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Feb4-09, 09:49 PM
P: 125
[QUOTE=Choppy;2062939]Hi Roger,

What you've stated in your first post is very far from the norm in my experience. Granted, I'm not in neuroscience, but I imaging most journals follow a similar proceedure.

I don't know of anyone who submits the article directly to the editor of a journal to evaluate whether it's fit for "official" submission. The process you've described sounds a lot more like the process for getting fiction published. With a scientific paper, you just submit it directly once you and your co-authors are happy with it.

Thats what i was going to do, submit to one. I had it ready formatted for a specific journal, then i consulted my co-author and he said send the abstract round many for feedback. Well he is on research groups himself, so thats what his colleages must be telling him is a good strategy. I have sat one of their research groups. I think some budding doctors, do appear to play this system like a game.

Although i clearly did not follow procedure, the result was that i did got insight into what were the favourable journals without spending a year. Surely this is not a bad way to do things as it saves a lot of time on both sides ? I didnt ask them to review the paper in a formal submission, just to look at the abstract, and provided a link to the paper in case they wanted to take a further look. Then tell me if its suitable for submission on that basis.

Most journals have a screening process. The paper is assigned an appropriate associate editor who gives it a first evaluation and as long as it passes this, he/she sends it out to suitable referees. The referees then give their feedback and recommendation within a few weeks (sometimes this can actually take months). Based on their reports, the associate editor makes a final decision whether to accept, accept with revision, re-evaluate after major revision, recommend an alternative publication, or outright reject.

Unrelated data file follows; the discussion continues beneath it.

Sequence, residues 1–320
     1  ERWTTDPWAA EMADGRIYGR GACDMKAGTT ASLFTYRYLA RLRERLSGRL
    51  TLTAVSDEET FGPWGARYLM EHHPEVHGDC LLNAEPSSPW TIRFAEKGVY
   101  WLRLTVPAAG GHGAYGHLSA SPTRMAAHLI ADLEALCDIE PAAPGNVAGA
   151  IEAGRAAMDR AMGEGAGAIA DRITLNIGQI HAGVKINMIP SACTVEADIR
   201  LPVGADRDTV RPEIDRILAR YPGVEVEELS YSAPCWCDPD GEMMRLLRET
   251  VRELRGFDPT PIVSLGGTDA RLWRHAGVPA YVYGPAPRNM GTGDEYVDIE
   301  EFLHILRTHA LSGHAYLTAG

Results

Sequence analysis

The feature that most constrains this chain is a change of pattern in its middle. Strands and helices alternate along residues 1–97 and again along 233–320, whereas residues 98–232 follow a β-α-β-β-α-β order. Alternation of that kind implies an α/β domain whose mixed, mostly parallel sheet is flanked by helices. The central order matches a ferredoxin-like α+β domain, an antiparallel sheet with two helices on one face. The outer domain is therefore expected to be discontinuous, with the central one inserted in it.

It appear then that the favourable editor i mentioned has already given it a first evalution as he asked me to send him the name of three referees.

The review process is supposed to be blind - at least in one direction - meaning you're not supposed to know who the referees are who evaluate your work. This is so that they can be free to provide an unbiassed assessment of your work.

Thats what i thought. I was surprised when has asked me to suggest who the referees are supposed to be. I looked up "peer review" on wikipedia and it did say that some editors do in fact ask the author to recommend referees.

When I read that you submitted directly to editors, I'm not suprised that you got cold feedback. It just sounds like you weren't following the standard protocol. I also don't know of anyone who uses the "shotgun" approach of submitting to 35 journals. Any journal that you submit to, you should be an avid reader of. What I have seen happen is that people will submit a manuscript to one, and if rejected try another one or maybe two (which can often be necessary if they're doing work outside of 'standard' issues). But 35? Later in your career, you will have to remember that it will be expected that you review at least one paper for every paper you submit. So if you submit 35 times, you should be ready to review 35 papers.

Glad you told me that. Although, they arent proper submissions, just abstracts sent for suitability approval